Christopher Columbus, Pre-Columbian cultures, and political correctness

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Monday, October 9, 2017

Cliff Kincaid, Director of the AIM Center for Investigative Journalism wrote an excellent article on GOPUSA defending Columbus Day and describing the progressive onslaught not only against Columbus’ discovery of America but also Western civilization. At the end of his article, he asks, “Who will defend Christian civilization and Columbus against this New Age socialist gibberish?” I hope the following narrative draws a series of pictures illustrating what it was Christopher Columbus' arrival in the New Worldreally like in the New World before Columbus' arrival in 1492 (photo, left), and hopefully the illustration of reality, not fantasy, will contribute towards that defense.

Despite progressive vilification, Americans continue to celebrate October 12th as the day Christopher Columbus discovered America.* But since the quincentennial celebration (1992) progressives have been harshly denouncing the event as resulting in deliberate genocide of the peaceful, ecology-minded, indigenous peoples. According to the new conventional wisdom, Christopher Columbus and his discovery of the Americas is an epochal catastrophe that should be scorned and vilified. But what was it like in the New World at the time of Columbus arrival?

The revisionist historians and deconstructionists that are a part of academia, and their allies, the media, have taken pains to denounce this event by exaggerating facts and creating others as they go along to support their revisionist views while neglecting, suppressing or ignoring events which do not.

I would like to elucidate some facts regarding Pre-Columbian history priThree shipsor to the arrival of the three Spanish carrabelles (photo, right), La Nina, La Pinta, and La Santa Maria. With all due respect to Jean-Jacques Rousseau and his “noble savages” concept, which idealizes primitive man uncorrupted by Western civilization, I would like to relate historical accounts which have been thoroughly corroborated by archeological work and anthropological research.

Prior to the arrival of the Europeans, the Arawak Indians (also called Tainos) were the relatively peaceful inhabitants of the Caribbean islands whom we associate with pastoral native scenes. But they were not the only native tribe. In fact, the Tainos were preyed upon and suffered as much from the Carib Indians as at the hands of the conquering Europeans. Throughout the many islands, the peaceful male Arawaks were hunted, killed, and even cannibalized by the ferocious Caribs who ultimately ended up exterminating the peaceful Arawaks from many of the Caribbean islands in the Lesser Antilles. The female Arawaks were taken as wives and slaves by the male Caribs. Atrocities by the Carib Indians were infamous and today these atrocities are often discounted or ignored in the protrayal of the New World as a pristine paradise.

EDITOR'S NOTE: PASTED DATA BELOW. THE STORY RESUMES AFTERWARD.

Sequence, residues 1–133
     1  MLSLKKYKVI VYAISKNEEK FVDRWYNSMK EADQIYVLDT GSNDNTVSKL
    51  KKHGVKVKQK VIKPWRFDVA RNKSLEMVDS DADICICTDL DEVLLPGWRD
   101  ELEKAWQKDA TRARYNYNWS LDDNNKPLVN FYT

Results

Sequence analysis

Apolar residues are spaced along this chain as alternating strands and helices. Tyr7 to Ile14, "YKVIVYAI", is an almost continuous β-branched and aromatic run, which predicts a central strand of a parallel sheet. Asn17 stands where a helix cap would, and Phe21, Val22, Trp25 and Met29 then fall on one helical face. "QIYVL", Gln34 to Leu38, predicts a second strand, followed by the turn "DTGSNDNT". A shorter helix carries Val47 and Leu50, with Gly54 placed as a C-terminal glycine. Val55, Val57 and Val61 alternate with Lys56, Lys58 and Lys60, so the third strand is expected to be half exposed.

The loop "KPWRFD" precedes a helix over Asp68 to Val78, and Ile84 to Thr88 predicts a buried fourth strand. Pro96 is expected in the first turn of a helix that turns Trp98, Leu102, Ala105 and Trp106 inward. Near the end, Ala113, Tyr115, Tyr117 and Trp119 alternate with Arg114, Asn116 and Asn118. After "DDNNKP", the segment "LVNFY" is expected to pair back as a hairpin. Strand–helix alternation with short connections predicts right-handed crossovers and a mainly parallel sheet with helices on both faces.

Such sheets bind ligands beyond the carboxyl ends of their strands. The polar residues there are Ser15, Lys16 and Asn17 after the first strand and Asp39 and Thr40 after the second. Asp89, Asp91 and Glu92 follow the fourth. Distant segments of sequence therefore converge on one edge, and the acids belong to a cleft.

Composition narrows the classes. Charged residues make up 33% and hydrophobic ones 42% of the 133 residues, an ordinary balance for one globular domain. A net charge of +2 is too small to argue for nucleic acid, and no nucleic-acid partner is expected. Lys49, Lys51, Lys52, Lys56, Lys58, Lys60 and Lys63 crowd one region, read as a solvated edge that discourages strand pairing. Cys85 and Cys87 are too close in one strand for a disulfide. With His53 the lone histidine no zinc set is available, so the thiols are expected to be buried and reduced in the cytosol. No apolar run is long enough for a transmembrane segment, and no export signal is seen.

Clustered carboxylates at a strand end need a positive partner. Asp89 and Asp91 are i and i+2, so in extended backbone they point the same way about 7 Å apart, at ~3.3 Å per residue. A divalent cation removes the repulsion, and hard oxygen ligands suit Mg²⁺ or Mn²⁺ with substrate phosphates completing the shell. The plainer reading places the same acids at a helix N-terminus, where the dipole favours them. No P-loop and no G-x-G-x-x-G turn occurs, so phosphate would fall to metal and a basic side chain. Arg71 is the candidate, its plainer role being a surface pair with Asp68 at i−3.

As the fierce Carib warriors invaded northward from the Lesser Antilles to the larger Caribbean Islands in the Greater Antilles, they pillages, looted, plundered and enslaved their weaker neighbors, raiding island after island. It was the sudden arrival of the Spaniards in the New World that stunted their locust-like invasion in the Antilles.

Nevermind all the data we have on the subject, in his book The Conquest of Paradise, Kirkpatrick Sale denied that the Carib Indians “were ferocious or engaged in cannibalism.” He even denies that the Carib Indians inhabited the Caribbean Islands that Columbus discovered (and after which the islands are named). Instead, he counters by citing several obscure instances of mob savagery and cannibalism in Europe during the Middle Ages!

In 1978, subway workers in Mexico City discovered archeological evidence corroborating previous Aztec codices and Spanish accounts relating to the dedication of the twin temples of Huitzilopochtli and Tlaloc, the two supreme Aztec gods of war and rain-water, respectively. A Coyolxauhqui Stonemagnificent monolithic disc 10 feet in diameter was also found. It belonged to Coyolxauhqui, the Moon goddess of the Aztec. She was the daughter of the Earth mother goddess Coatlicue and sister of the god of War, Huitzilopochtli. Her brother killed and dismembered her as seen on the Coyolxauhqui Stone (photo, left). The Aztecs, like their gods, were ferocious warriors. Many years before the arrival of Cortes in Mexico, the Uey Tlatoani or “revered speaker” of the Aztecs, Ahuitzolt, sacrificed 20,000 captured prisoners at the dedication of the twin temples, El Templo Major, to these gods. This ceremony went uninterrupted in the Aztec capital of Tenochtitlan for four days in a spectacular display of blood, gore, and human sacrifices. The need of prisoners for human sacrifices was so great that the Aztes forced their neighbors to fight Flowery Wars for the sole purpose of capturing prisoners both from their enemies and allies for humans sacrifices. Hernan Cortez and his small band of Conquistadores could not have defeated the mighty and savage Aztecs in the years 1519-1521 without the assistance of his staunch allies, the Tlaxcalan indians, who hated the Aztec's bellicosity and their taste for blood and human sacrifices.